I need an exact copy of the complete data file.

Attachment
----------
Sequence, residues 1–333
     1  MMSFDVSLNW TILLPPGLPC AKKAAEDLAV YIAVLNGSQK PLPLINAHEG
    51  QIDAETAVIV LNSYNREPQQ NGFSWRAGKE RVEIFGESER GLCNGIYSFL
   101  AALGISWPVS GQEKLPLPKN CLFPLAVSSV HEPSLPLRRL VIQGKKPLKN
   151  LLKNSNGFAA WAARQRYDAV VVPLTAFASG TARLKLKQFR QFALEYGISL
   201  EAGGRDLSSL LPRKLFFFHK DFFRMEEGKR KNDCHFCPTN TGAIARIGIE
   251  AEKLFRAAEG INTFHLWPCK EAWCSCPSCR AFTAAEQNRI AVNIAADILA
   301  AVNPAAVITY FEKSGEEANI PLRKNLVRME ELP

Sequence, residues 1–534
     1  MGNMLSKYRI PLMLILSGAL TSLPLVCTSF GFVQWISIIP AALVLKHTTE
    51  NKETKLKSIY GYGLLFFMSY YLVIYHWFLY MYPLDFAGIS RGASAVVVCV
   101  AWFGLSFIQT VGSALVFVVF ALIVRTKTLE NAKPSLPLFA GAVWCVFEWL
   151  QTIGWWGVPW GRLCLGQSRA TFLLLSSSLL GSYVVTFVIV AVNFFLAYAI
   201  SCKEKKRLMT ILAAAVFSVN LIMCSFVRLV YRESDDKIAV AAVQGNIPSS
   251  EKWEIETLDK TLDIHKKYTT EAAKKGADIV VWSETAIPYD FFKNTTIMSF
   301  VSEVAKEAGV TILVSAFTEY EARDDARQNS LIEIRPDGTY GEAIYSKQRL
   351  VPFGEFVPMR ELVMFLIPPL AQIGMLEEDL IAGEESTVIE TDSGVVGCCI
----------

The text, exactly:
Sequence, residues 1–333
     1  MMSFDVSLNW TILLPPGLPC AKKAAEDLAV YIAVLNGSQK PLPLINAHEG
    51  QIDAETAVIV LNSYNREPQQ NGFSWRAGKE RVEIFGESER GLCNGIYSFL
   101  AALGISWPVS GQEKLPLPKN CLFPLAVSSV HEPSLPLRRL VIQGKKPLKN
   151  LLKNSNGFAA WAARQRYDAV VVPLTAFASG TARLKLKQFR QFALEYGISL
   201  EAGGRDLSSL LPRKLFFFHK DFFRMEEGKR KNDCHFCPTN TGAIARIGIE
   251  AEKLFRAAEG INTFHLWPCK EAWCSCPSCR AFTAAEQNRI AVNIAADILA
   301  AVNPAAVITY FEKSGEEANI PLRKNLVRME ELP

Sequence, residues 1–534
     1  MGNMLSKYRI PLMLILSGAL TSLPLVCTSF GFVQWISIIP AALVLKHTTE
    51  NKETKLKSIY GYGLLFFMSY YLVIYHWFLY MYPLDFAGIS RGASAVVVCV
   101  AWFGLSFIQT VGSALVFVVF ALIVRTKTLE NAKPSLPLFA GAVWCVFEWL
   151  QTIGWWGVPW GRLCLGQSRA TFLLLSSSLL GSYVVTFVIV AVNFFLAYAI
   201  SCKEKKRLMT ILAAAVFSVN LIMCSFVRLV YRESDDKIAV AAVQGNIPSS
   251  EKWEIETLDK TLDIHKKYTT EAAKKGADIV VWSETAIPYD FFKNTTIMSF
   301  VSEVAKEAGV TILVSAFTEY EARDDARQNS LIEIRPDGTY GEAIYSKQRL
   351  VPFGEFVPMR ELVMFLIPPL AQIGMLEEDL IAGEESTVIE TDSGVVGCCI